NAVYA, a French start-up, is operating its fully autonomous, 15-passenger electric shuttle at The University of Michigan in Ann Arbor. This is the first time the firm’s ARMA shuttles will be used in North America. They are already on the road in countries all over the world.
NAVYA’s flagship vehicle, the ARMA, is designed to provide efficient, convenient and safe “first and last mile” transportation. Following ten years in development, NAVYA launched the ARMA in October 2015. It can drive up to 28 miles per hour.
Using ARMA shuttles for self-guided tours will help “open the imagination of others to the potential of autonomous vehicle technology,” said Carrie Morton, deputy director of the Mobility Transformation Center.
The MTC is a public-private partnership dedicated to leading the auto industry into a future of connected and automated mobility. The center manages Mcity (U-M’s one-of-a-kind test site for connected and automated vehicles).
(mtc.umich.edu, xconomy.com, photo by Roger Hart, Michigan Photography, ns.umich.edu)
Chicago Keeps Second Chance
The Chicago Transit Authority reached an “agreement in principle” with two unions last month to continue operating the Second Chance program. Members of Amalgamated Transit Union Locals 241 and 308 still need to ratify the agreement.
The CTA Second Chance Program is offered in conjunction with the City of Chicago and social service agencies throughout the city. It currently employs 200 nonviolent ex-convicts, victims of abuse and other hard-to-place workers.
Second Chance is one of the largest programs of its kind in the country, with more than 600 participants since 2011. Workers in the program clean CTA buses and trains. Some also apply for mechanical training.
CTA president Dorval R. Carter said this is “great news for the nearly 200 men and women currently in this nationally renowned program, who will be able to continue to support themselves and their families, while working to build a foundation for their future success.”
(chicago.suntimes.com, chicago.cbslocal.com, transitchicago.com)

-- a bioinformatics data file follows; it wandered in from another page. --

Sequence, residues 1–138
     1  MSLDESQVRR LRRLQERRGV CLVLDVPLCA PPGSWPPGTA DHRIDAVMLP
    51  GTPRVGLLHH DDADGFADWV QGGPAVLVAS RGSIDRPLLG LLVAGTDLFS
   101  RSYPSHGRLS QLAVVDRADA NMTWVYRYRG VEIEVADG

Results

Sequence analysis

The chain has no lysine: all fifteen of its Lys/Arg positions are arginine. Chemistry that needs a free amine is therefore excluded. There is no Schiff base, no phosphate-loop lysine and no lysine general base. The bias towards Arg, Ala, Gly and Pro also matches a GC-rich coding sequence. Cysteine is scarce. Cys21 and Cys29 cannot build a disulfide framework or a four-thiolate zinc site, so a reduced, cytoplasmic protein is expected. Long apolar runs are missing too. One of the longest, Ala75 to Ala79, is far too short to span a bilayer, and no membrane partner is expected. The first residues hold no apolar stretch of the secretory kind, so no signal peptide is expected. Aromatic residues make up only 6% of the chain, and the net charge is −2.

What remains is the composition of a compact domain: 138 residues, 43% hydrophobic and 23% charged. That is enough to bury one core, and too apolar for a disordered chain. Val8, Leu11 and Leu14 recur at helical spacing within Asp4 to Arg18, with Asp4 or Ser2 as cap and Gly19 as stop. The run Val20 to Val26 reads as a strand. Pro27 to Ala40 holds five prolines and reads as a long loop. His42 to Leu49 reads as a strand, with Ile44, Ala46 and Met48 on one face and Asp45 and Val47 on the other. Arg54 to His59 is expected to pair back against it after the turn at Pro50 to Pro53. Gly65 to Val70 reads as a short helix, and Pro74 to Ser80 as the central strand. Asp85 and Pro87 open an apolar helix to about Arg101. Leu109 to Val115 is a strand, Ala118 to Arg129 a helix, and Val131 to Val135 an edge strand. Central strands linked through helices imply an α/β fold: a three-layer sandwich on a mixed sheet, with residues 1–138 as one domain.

Canadian Police Target Texting
A growing number of Canadian police have started boarding buses to monitor “distracted” drivers. They especially focus on drivers who text while driving and hide their phones on their laps.
With large windows and elevated seating, buses give officers a good vantage point to monitor passing drivers. An officer will board a bus to observe and report dangerous driving behavior to patrolling officers who then pull over offending drivers.
Police started using this technique as more drivers are texting behind the wheel. The Insurance Bureau of Canada reports an increase in distracted driving collisions and claims across the country. Police use buses to target texting in several cities, including Thunder Bay, Sudbury and Quebec City.
Canadian penalties for distracted driving range from $80 to $1,000 and 3-5 points, according to “Distracted Driving in Canada: Making Progress, Taking Action,” 2015, by the Traffic Injury Research Foundation.
(cbc.ca, ibc.ca, tirf.ca, .vtti.vt.edu)
Holiday Travel Up!!!
More than 103 million Americans—the most ever recorded—were expected to travel for the year-end holidays! A vast majority—93.6 million—were expected to travel by car. Low gas prices contributed to the increase. AAA estimates U.S. drivers saved more than $27 billion at the gas pumps compared to the year before.
‘Til Next Time,
Jim Wilson, BWAT General Manager